The Election Commission of India on Saturday ordered producers to stop streaming a web series about Prime Minister Narendra Modi amid concerns it could give him an unfair advantage in the country's general election.
The decision follows a similar clamp down on a TV channel devoted to the right-wing premier, and the banning of a flattering Bollywood film.
India's mammoth six-week polls — the world's biggest democratic exercise — began on April 11 and will run until May 19. A ban on campaigning is in effect during the 5-1/2-week vote.
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The five-part series "Modi: Journey of a Common Man," which was available on the video-on-demand platform Eros Now, traces the Hindu nationalist's journey from the son of a tea-seller to the role of prime minister.
The latest ban comes after producers of a Bollywood biopic about Modi, played by Bollywood actor Vivek Oberoi, were ordered to delay the film's release. It will now be shown after the polls.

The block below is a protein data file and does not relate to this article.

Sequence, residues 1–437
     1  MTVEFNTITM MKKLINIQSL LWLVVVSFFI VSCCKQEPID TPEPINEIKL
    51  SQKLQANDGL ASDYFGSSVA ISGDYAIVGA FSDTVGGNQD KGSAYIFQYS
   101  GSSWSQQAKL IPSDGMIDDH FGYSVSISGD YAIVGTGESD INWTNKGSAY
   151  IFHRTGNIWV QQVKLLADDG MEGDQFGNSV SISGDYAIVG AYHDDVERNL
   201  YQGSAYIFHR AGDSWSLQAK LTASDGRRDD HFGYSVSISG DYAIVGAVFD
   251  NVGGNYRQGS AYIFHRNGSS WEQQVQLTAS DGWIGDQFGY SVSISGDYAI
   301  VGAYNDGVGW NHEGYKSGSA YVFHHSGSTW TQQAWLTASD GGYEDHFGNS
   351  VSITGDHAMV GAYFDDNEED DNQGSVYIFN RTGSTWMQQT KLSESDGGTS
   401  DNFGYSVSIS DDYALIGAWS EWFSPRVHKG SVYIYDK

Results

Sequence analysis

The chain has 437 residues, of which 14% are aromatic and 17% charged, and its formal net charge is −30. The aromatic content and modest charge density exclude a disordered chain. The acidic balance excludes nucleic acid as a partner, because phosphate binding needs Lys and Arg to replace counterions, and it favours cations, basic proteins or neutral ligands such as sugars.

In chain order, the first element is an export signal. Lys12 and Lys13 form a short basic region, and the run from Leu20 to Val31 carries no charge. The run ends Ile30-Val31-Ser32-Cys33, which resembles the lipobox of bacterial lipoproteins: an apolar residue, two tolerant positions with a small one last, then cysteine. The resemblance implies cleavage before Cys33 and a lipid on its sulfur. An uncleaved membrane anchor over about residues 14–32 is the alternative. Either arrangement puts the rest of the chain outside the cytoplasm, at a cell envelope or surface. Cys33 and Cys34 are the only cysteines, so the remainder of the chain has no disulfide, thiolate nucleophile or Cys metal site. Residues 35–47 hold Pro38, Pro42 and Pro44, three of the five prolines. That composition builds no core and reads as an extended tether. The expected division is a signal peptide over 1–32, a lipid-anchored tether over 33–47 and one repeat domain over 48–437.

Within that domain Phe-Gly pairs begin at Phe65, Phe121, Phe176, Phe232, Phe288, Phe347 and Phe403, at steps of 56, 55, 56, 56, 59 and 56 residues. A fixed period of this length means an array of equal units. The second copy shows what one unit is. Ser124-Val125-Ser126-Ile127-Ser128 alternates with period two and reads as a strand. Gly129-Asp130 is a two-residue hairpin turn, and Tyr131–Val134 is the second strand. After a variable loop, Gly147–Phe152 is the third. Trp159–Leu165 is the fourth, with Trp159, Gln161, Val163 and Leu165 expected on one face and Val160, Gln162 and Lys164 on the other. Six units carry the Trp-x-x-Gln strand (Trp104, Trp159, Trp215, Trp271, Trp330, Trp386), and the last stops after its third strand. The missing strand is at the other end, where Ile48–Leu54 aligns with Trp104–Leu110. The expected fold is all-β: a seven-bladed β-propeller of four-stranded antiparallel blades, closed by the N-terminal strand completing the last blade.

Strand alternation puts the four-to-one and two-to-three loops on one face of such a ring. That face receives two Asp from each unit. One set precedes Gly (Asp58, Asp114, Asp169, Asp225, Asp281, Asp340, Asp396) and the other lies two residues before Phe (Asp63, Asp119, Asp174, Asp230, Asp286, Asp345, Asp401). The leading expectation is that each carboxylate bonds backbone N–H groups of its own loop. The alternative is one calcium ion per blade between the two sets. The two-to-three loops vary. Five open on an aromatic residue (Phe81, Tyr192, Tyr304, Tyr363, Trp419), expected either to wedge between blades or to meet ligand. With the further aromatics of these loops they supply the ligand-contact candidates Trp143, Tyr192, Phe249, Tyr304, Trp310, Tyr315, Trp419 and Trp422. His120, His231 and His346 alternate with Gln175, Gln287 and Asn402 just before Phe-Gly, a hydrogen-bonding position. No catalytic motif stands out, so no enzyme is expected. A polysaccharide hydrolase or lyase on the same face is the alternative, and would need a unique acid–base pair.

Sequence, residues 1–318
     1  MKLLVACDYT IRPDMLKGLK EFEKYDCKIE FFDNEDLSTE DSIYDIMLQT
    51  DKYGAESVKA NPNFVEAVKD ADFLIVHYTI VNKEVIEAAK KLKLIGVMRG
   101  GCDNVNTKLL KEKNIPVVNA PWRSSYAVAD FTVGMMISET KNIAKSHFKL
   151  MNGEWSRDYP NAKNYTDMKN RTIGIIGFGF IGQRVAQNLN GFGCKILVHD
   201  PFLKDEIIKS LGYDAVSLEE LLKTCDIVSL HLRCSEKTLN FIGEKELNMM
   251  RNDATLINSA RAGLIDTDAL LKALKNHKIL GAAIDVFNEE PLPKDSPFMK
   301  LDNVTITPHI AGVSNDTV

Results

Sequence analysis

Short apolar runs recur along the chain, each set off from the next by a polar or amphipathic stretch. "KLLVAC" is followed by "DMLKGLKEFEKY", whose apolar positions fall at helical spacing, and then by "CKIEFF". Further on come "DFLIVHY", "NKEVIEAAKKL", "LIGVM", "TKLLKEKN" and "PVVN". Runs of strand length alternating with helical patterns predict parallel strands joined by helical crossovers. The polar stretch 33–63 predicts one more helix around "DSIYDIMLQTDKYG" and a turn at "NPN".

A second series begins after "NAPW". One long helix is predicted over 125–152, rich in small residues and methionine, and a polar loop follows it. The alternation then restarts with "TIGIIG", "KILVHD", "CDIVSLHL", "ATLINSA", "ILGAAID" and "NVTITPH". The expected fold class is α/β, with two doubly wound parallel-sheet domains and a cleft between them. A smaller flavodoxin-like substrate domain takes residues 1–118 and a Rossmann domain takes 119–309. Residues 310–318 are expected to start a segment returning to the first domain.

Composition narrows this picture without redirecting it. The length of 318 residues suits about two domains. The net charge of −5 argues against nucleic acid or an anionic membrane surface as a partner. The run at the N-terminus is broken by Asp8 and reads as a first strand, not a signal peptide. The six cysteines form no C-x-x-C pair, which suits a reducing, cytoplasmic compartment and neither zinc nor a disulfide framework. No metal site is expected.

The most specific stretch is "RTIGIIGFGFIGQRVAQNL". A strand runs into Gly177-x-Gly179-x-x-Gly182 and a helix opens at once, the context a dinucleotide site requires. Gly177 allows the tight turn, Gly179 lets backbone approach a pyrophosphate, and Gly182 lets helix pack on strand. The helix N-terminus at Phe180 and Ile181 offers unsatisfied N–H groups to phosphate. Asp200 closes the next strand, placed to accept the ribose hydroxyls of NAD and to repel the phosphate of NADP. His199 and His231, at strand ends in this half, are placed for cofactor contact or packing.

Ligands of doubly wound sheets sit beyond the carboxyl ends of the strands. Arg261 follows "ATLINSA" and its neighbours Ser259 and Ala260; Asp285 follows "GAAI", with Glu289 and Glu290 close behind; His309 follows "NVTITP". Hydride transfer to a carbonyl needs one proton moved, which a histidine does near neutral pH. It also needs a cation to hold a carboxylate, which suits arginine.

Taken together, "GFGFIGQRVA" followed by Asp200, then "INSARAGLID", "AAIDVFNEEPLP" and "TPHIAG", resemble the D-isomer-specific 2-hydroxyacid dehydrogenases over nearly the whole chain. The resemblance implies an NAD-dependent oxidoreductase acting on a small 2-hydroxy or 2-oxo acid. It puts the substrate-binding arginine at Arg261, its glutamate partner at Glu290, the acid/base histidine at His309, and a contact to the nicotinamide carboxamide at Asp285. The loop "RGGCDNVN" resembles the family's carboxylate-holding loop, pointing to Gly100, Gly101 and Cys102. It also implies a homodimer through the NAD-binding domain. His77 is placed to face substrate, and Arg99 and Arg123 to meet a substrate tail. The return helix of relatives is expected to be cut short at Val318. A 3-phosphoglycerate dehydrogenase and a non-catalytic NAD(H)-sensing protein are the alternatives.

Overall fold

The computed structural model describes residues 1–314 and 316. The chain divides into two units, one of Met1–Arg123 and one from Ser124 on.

The main opposition Congress Party slammed the film's release as propaganda, despite Modi's ruling Bharatiya Janata Party (BJP) insisting it had nothing to do with its creation.
Meanwhile, NaMo TV, a 24-hour channel, sponsored by the BJP, showing Modi rallies and speeches has also been ordered to get its content approved by the watchdog before broadcast.
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The election watchdog intervened to restrict the media content after being flooded with complaints since campaigning began last month.
Under India's election rules, content deemed as helping a party's election campaign is not allowed during the "silent" voting phase.
The 68-year-old Modi, who stormed to power in 2014 is facing a tough reelection. Although he has achieved some of his election promises — boosting infrastructure and helping the country's poor, economic growth has stalled and unemployment is at a 45-year high.
The election commission, which is often accused of lacking teeth, was ordered by the Supreme Court last week to act tough on complaints of poll violations by political leaders.
Any political advertising must be approved by the election authorities so that all spending can be accounted for.
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